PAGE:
ABA Journal

Law in Popular Culture

1549 ABA Journal Law in Popular Culture articles.

Grisham, other legal novelists among authors suing OpenAI for using their copyrighted work

Several legal novelists, including John Grisham and Scott Turow, are among 17 authors joining with the Authors Guild in a proposed class action lawsuit against the artificial intelligence program OpenAI.

So you were convicted of killing someone who’s still alive—now what?

Many installments of this column have focused on true-crime documentaries examining murder convictions and the legal process and “evidence” that led to them. While those series or stand-alone shows are undoubtedly intriguing, we always seem to be left with the same conclusion: Even if the defendant didn’t kill the person, the person is still dead. But what if we were presented with a situation in which someone was convicted for the murder of a person who was subsequently found alive and well?

The Real Jerry Maguire: An interview with sports agent and lawyer Leigh Steinberg

How often, I ask Leigh Steinberg, do people say to you, “Show me the money?” “How about every day?” he responds without a second of hesitation. The phrase was cemented into pop culture lexicon by its use in Jerry Maguire, the 1996 film starring Tom Cruise as a sports agent, telling the story of his relationship with the profession and one particularly demanding football player-client.

A Great Escape: Fugitives and prison cruelty throughout cinematic history

I subscribe to quite a few news apps on my iPhone. I like to get my information regarding U.S. and world events from multiple sources, and feel that if I vary the input sources, there is less chance I’ll fall victim to the self-imposed echo chambers so many of us live in these days.

Stamp honoring Justice Ginsburg will be available in October

The U.S. Postal Service will soon unveil its new stamp honoring the late U.S. Supreme Court Justice Ruth Bader Ginsburg, which celebrates “her groundbreaking contributions to justice, gender equality and the rule of law.”

Kentucky litigator has hot TikTok takes on Bama Rush

As sorority rush week played out at the University of Alabama, the world watched. In August, the hashtag #bamarush reached 3.4 billion views on TikTok, Forbes reports. Brandis Bradley, an eastern Kentucky trial-lawyer-turned-social-media-influencer, watched too. She provided commentary on her TikTok channel.

Summer reading and back-to-law-school tips

It's time for The Modern Law Library's summer recommendations episode, in which host Lee Rawles shares her pop culture picks with you, plus a re-airing of one of our older episodes with current relevance.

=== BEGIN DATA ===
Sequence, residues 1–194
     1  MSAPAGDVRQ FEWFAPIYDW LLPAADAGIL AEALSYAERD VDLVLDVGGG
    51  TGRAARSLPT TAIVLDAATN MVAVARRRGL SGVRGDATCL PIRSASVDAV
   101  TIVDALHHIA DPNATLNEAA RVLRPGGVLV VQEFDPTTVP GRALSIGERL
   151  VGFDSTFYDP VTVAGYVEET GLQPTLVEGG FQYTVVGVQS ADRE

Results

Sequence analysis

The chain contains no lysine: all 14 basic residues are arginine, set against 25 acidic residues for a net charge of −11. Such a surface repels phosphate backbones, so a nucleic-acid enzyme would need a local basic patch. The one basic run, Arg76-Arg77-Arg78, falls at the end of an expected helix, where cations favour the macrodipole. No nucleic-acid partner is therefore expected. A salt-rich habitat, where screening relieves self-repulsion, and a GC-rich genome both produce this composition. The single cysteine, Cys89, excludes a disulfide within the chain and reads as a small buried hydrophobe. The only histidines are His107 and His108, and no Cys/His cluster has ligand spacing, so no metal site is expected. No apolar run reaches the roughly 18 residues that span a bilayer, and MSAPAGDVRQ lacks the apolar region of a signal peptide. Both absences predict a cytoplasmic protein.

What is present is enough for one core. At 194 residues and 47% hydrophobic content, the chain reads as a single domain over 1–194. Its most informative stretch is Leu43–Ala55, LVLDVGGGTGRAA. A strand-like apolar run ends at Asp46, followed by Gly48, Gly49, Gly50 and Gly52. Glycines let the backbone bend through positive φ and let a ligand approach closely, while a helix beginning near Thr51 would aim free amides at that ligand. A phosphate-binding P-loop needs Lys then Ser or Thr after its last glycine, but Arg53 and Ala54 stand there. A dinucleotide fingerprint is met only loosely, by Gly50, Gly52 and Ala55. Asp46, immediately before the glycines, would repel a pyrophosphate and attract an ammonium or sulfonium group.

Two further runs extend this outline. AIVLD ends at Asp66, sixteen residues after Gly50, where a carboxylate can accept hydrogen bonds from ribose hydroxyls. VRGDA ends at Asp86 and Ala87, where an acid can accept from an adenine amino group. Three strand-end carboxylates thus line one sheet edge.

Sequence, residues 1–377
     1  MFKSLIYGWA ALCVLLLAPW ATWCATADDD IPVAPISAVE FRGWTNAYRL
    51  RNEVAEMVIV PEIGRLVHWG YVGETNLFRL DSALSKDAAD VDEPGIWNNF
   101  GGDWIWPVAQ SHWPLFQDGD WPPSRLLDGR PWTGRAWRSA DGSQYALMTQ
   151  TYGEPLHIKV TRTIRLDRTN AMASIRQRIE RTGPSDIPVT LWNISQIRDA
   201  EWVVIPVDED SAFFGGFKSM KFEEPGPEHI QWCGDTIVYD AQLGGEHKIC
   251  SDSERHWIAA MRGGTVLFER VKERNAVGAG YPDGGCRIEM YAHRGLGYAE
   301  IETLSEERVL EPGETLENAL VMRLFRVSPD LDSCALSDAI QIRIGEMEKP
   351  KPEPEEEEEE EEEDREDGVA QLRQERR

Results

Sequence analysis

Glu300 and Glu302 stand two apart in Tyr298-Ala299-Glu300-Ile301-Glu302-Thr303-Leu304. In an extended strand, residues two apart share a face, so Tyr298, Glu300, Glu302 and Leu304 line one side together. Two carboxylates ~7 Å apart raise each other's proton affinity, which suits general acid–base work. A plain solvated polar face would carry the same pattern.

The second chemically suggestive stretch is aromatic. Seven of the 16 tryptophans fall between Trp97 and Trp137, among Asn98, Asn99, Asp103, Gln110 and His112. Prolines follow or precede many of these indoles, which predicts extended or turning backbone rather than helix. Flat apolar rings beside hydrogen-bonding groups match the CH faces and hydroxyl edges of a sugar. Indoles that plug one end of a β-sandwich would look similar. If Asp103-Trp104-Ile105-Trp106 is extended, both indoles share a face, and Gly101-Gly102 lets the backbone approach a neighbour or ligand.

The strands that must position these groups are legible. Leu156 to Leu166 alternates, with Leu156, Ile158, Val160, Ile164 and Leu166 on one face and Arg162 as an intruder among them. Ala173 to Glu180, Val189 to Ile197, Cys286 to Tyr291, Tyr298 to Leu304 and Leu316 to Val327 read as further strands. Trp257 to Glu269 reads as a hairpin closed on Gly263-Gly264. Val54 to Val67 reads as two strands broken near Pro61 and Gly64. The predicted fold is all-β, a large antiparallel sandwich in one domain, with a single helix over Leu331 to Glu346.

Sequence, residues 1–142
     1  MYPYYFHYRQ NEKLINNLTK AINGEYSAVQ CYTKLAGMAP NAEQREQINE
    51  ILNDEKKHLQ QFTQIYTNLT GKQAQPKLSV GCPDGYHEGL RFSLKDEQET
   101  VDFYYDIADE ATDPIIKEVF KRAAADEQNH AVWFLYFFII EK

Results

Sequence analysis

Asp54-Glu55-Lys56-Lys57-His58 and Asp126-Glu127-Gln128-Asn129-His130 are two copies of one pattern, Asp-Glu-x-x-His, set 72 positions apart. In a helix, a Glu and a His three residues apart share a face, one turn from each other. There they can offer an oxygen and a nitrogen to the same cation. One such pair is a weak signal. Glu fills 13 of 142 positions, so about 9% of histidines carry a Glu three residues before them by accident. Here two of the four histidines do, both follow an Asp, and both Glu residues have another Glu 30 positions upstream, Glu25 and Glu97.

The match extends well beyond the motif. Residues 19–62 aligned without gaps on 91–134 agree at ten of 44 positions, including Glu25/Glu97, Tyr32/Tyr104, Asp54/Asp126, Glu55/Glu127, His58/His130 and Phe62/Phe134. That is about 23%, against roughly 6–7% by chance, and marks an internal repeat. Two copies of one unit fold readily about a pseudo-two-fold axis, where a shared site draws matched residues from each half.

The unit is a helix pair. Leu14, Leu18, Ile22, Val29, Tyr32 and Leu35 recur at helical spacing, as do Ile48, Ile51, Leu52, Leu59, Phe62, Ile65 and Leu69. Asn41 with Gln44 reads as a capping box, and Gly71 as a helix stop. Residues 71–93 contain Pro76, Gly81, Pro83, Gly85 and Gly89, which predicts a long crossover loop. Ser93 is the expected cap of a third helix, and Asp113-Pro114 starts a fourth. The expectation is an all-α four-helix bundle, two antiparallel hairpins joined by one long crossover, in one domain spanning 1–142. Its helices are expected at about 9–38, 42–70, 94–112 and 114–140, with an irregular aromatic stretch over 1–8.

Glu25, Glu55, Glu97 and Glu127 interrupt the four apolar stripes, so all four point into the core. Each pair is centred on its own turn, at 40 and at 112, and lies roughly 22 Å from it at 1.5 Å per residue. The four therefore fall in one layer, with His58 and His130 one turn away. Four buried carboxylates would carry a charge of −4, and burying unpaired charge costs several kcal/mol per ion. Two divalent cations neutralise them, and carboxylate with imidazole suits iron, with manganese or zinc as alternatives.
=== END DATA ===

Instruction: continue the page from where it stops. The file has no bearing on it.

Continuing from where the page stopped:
Black lawyer alleges he was wearing handcuffs as judge pressed him to settle or produce documents

A Black lawyer who is a former pro football player has sued a Pennsylvania judge for allegedly ordering the lawyer’s arrest and having him hauled into court in shackles, where the lawyer was presented with a stark choice.

Surviving true crime—from the victims’ perspective

The Survivor Squad podcast introduces a topic that I haven’t encountered before: victims associating and empathizing with other victims about their status as victims. From my position, it’s compelling but somewhat biased.

Septuagenarian lawyer can beat both his clients’ criminal charges and a drum set

There are generally two reasons why people go to see Dan Monnat: They’re facing criminal charges or they enjoy live music. Monnat, co-founder and president of Monnat & Spurrier Chartered, a five-lawyer firm in Wichita, Kansas, is both an accomplished criminal defense lawyer and a musician who sings and plays drums for an R&B group called The House Band. Across his 47-year career, Monnat has achieved courtroom victories in cases ranging from murder to money laundering. But initially, he was a musician.

ABA entities help amplify the ‘court watch’ movement

The ABA is ramping up efforts to support a growing movement of court watchers. These are members of the public who observe bail hearings and other court proceedings and document the actions of judges and lawyers.


Many films and shows have imagined the future and how technology both helps and hurts society. When it comes to some parts of the legal system, it’s clear that the future is now.

‘A Trending Color’: Pink is a brand for Barbie-loving lawyer

An immigration lawyer who uses pink to brand her law firm says she was "elated" and "excited" when Inside Edition approached her for a story that compared her and her employees to the pink-loving Barbie featured in the new movie released July 21.

Meet Lawsuit Barbie: She’s been busy at Barbie’s courthouse

Barbie has been living in the real world for a long time. Because of the doll’s colossal success since its introduction in 1959, countless lawsuits have gone through the courts as the doll’s maker has sought to enforce its rights and protect her image.

Two-time Olympic cyclist turned ‘bicycle attorney’ talks about the road to bike law

On Sunday, some of the world’s greatest bicyclists will cross the finish line of the Tour de France. The grueling competition, covering 2,100 miles over three weeks, will end on Paris’ Avenue des Champs-Élysées. The cyclists will have a lot to contend with as they race on the city’s famed street. But lucky for them, that won’t include motorists.

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